Accountants ahead of the curve in adopting fintech are “on the cusp of one of the biggest changes” in the industry, despite often being over-hyped in financial services, according to federal treasurer Scott Morrison.
‘Tech can over-promise, under-deliver’: Treasurer speaks on financial services
Speaking at the FSC and BT Political series, Treasurer Scott Morrison said fintech’s impact would be felt outside the financial services sector as one of the “big productivity game changers”.
“One of the areas that I'm particularly passionate about is Fintech and it's not because I like hanging out with people who wear t-shirts, have beards and look a lot like baristas. It's because they are on the cusp of one of the biggest changes to our banking and financial system in generations,” Mr Morrison said.
“The technology is exciting, it can be distracting, it can sometimes, if not often, over-promise and under-deliver. But at the same time it is very hard not to appreciate the potential.
“When you've got the ASX looking to establish the first blockchain settlement exchange in the world, when you look that we'll have our new real-time payments platform active and operational by the end of next January, when you consider that we will have in place the world's most forward leaning regulatory sandbox for fintech development, the pieces of the puzzle are coming together for financial services revolution in this country,” he added.
“And the big winner will be the customers; the big winners will be greater security and resilience in the system because the technology affords that as well.”
Mr Morrison used an example of an agricultural producer who recognised that fintech would be the biggest change for his industry as a sign of how the implications would be felt across various industries outside the financial sector.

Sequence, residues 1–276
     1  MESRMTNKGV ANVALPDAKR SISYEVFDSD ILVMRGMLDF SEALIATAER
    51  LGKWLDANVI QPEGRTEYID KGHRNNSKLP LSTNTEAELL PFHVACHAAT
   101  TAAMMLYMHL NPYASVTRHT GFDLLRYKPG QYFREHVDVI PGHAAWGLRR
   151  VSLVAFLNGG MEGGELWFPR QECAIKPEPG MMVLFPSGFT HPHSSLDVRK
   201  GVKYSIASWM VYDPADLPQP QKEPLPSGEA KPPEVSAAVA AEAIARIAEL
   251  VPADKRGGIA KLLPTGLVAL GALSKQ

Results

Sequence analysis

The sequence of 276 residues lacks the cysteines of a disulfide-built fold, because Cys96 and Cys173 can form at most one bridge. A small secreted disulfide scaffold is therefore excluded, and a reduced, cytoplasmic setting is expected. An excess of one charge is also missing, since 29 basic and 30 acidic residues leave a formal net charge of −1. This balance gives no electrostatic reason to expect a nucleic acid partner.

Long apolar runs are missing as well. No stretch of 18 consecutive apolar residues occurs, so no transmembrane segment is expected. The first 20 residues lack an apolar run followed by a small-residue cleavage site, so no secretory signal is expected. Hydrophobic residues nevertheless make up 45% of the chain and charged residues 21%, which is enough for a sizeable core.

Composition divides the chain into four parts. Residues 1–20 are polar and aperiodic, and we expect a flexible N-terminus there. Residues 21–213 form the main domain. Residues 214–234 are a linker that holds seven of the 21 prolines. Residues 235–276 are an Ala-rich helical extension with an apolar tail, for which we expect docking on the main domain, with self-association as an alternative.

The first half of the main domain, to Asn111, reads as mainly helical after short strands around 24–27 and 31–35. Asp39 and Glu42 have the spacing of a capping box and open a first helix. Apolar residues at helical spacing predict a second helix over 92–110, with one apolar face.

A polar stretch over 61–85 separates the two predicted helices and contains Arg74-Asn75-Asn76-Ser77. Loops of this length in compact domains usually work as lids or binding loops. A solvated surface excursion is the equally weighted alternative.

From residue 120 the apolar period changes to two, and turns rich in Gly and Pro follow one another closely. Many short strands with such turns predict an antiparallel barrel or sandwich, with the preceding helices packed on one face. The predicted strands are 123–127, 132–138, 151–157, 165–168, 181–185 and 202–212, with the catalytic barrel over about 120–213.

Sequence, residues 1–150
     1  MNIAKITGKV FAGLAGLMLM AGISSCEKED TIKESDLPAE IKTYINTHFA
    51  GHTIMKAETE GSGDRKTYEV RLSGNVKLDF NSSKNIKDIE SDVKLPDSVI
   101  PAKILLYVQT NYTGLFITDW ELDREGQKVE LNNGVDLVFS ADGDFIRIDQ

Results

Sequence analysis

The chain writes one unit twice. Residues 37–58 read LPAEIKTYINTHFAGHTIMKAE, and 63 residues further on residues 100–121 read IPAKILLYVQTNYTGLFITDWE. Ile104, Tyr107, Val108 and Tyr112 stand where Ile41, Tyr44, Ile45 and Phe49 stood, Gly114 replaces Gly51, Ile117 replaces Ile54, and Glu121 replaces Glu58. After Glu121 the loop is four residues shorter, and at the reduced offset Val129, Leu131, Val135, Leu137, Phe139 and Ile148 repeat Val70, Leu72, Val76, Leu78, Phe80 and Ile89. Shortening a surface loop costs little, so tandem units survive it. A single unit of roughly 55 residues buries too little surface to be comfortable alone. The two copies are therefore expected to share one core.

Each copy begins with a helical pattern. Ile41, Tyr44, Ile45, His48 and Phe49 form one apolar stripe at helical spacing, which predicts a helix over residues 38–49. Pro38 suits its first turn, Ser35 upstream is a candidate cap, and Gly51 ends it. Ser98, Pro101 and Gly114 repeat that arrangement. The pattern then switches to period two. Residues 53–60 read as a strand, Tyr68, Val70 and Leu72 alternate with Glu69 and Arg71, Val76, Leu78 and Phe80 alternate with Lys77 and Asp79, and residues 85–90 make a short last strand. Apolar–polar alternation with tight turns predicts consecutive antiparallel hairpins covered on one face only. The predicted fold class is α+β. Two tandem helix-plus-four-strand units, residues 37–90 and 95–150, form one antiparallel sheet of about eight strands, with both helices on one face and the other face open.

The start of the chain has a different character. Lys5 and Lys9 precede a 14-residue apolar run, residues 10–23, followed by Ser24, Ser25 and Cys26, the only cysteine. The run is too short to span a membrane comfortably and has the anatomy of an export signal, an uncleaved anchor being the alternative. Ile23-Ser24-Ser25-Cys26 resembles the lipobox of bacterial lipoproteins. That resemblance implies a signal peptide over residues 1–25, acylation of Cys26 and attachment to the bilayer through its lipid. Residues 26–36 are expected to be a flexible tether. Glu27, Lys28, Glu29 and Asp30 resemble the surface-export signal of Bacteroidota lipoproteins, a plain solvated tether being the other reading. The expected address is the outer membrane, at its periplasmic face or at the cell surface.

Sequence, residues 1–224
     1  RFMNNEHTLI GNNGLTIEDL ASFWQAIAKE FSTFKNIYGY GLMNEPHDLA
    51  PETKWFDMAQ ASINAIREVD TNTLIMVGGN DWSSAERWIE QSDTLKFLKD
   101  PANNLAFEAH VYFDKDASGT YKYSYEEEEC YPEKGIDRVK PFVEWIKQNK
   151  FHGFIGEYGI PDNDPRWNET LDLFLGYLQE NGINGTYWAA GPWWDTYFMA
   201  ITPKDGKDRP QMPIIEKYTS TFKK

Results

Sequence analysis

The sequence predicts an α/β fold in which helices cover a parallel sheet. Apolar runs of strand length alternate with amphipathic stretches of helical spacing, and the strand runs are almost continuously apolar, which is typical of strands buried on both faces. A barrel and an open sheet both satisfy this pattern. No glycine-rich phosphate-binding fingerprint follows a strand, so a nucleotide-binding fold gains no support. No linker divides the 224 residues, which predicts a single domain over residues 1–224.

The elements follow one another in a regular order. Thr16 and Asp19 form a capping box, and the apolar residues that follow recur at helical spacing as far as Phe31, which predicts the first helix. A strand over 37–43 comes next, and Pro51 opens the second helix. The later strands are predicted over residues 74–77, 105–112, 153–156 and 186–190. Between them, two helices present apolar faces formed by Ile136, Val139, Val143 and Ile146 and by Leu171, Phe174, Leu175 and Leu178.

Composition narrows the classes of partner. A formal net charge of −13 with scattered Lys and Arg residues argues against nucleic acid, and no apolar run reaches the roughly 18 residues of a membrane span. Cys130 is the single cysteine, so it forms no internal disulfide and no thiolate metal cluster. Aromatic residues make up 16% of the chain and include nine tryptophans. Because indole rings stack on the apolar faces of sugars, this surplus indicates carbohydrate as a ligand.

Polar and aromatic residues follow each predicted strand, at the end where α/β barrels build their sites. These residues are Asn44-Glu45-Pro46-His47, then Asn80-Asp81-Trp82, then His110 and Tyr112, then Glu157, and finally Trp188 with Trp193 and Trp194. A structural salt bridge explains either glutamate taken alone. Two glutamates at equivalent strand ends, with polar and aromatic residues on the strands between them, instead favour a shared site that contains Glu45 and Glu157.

"I was excited by his response because he got it, that it meant it was going to put him more in the driver's seat about how he could access finance, how his whole financial world would work in the future, how that would connect with his own wealth management as well as how his sector and industry would operate,” said Mr Morrison.
“Fintech is not just something that is really exciting in the financial services sector, it's actually quite transformational for businesses all around the country and at a time where wages will be first and foremost driven by investment and productivity, this is one of the big productivity game changers.
“If we can crack this, and for our country like ours, we're in such a good position to crack it… our businesses will benefit first in the same way APRA has ensured we are top of the pack when it comes to world's best practice in financial systems regulation; we can become in the Western economy, the leading fintech hub of the world.”
FSC chief executive Sally Loane echoed his sentiments but warned against failing to invest in a firm’s personnel.
“Those Millennials, they will judge often what we do as they judge Uber and Deliveroo, they want the same service, they want it digital, and i think that's a really important point,” said Ms Loane.
“Humans are at the heart of it too, you can't just have robo-advice and all the great things on digital, you've got to have humans behind there and that's what I think we do extremely well in financial services, we grow those humans, we are one of the fastest growing and biggest sectors of our economy.
“We're not just a country of miner and farmers anymore; we're actually a country of suits because financial services are the biggest contributor to our economy.”